By Maria Hummel
This is the sound of the bell. It rings,
full of brass and the end it brings:
once for the children, once for the child
who sits alone. His eyes hurt and mild,
he waits, holding his things.
Time should hold no meaning
for him yet. You don’t learn
how to play; you forget. But he knows a while
well, and longs for the clang of the bell.
A bell is a room of nothing.
No, a dome with a hidden swing —
a will, a sway, a tone, a peal,
the beginning of song. The wild
crowd nears, passes, laughing.
Here is the sound of the bell.
More Poems about Activities
When you caught one to keep,
we took it home and I asked you to teach me.
You showed me how to spike the brain—
I thanked the fish, looked away, pressed down.
We bled it, shaved away the scales,
severed meat from bone.
A Wing and a Prayer
We thought the birds were singing louder. We were almost certain they
were. We spoke of this, when we spoke, if we spoke, on our zoom screens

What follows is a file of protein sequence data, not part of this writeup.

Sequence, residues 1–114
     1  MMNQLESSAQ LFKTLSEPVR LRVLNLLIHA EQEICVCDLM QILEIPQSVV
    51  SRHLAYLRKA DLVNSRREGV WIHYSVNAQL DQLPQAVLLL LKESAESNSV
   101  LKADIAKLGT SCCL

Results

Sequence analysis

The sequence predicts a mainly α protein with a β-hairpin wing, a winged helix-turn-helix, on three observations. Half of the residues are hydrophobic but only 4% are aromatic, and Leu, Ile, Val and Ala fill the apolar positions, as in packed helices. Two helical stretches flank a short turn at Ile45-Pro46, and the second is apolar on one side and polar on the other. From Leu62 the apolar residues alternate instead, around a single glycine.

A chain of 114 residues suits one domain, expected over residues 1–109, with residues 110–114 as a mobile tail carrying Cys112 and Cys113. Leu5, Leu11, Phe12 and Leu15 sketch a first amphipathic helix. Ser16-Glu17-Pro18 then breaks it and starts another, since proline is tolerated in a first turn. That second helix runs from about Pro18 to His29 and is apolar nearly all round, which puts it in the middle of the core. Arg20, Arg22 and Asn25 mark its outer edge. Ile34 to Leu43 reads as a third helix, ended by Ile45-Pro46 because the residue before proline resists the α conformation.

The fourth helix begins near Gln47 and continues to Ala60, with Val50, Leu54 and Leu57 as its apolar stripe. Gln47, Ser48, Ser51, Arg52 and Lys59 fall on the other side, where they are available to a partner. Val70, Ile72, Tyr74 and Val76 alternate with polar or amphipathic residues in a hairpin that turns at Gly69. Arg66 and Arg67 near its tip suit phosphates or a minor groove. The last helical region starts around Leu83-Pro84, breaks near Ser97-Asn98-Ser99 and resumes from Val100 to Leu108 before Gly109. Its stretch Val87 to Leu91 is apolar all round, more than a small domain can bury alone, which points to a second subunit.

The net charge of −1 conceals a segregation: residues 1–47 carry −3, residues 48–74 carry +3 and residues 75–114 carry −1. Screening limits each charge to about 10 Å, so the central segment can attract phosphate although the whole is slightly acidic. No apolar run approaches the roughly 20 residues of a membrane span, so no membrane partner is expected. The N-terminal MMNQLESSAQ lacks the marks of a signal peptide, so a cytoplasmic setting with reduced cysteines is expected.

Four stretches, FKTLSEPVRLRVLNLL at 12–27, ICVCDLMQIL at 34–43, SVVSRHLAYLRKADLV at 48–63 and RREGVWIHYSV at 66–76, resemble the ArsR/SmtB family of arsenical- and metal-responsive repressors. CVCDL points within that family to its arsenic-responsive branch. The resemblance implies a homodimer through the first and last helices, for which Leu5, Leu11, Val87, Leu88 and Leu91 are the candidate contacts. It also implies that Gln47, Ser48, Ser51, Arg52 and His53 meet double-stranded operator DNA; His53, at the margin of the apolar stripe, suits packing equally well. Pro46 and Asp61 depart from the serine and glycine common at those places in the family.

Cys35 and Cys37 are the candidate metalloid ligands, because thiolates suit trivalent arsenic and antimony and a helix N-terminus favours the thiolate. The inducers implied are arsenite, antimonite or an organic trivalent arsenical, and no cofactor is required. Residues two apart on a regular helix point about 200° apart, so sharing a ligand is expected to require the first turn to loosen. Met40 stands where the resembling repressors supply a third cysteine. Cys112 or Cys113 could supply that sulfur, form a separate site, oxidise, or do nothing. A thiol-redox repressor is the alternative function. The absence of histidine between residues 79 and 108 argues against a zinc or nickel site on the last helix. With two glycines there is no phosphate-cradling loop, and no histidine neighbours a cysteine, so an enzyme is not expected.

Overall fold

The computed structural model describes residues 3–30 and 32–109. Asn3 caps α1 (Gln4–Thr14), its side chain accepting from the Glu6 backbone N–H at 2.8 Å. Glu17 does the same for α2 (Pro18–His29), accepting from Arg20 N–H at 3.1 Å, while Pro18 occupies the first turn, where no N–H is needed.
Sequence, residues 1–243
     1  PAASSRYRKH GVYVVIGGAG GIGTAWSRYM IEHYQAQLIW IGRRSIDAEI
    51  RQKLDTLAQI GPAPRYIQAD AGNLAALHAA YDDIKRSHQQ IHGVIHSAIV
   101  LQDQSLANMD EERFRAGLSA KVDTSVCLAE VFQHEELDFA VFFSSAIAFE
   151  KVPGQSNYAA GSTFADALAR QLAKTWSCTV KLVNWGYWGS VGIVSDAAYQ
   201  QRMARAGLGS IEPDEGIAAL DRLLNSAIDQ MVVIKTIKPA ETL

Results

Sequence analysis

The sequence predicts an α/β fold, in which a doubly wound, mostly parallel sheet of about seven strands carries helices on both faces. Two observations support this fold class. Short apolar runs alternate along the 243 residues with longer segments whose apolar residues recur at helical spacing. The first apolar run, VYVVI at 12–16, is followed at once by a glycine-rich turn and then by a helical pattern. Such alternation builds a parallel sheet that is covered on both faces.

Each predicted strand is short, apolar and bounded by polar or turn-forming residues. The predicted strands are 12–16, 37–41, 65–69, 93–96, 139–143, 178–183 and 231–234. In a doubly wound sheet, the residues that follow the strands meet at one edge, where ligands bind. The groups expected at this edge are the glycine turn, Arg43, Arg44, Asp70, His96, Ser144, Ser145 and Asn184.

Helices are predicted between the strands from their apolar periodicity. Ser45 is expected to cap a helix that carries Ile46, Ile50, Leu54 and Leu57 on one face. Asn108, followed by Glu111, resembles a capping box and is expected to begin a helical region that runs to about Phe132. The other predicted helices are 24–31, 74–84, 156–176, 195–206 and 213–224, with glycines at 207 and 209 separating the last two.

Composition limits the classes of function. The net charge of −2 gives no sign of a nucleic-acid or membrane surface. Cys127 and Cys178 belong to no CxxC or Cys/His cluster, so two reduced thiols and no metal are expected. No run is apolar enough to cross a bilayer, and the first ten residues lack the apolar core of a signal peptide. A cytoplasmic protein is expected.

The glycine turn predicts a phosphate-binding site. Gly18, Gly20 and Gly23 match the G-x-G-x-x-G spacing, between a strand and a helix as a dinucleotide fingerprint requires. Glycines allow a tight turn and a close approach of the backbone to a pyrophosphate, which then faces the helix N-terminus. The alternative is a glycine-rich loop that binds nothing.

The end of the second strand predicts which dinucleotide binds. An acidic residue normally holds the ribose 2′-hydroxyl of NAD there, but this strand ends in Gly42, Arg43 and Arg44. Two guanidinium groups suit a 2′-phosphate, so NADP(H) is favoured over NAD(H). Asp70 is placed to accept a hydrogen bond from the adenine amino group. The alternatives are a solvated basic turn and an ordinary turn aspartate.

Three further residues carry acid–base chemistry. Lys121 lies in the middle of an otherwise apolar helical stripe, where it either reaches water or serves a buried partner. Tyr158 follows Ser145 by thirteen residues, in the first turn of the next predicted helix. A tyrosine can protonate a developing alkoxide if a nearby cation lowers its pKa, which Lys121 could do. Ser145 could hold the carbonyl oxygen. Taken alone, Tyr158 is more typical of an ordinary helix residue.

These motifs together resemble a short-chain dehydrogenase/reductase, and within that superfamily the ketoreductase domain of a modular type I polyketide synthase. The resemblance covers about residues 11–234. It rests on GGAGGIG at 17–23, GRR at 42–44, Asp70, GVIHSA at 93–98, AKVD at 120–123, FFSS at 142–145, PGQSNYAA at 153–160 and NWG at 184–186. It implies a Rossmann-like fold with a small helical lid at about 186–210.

or in the backyard with our podfolk. Dang, you hear those birds? Don’t
they sound loud?...
More Poems about Living
A spring snow coincides with plum blossoms.
In a month, you will forget, then remember
when nine ravens perched in the elm sway in wind.
I will remember when I brake to a stop,
and a hubcap rolls through the intersection.
An angry man grinds...
At the Equinox
The tide ebbs and reveals orange and purple sea stars.
I have no theory of radiance,
but after rain evaporates
off pine needles, the needles glisten.
In the courtyard, we spot the rising shell of a moon,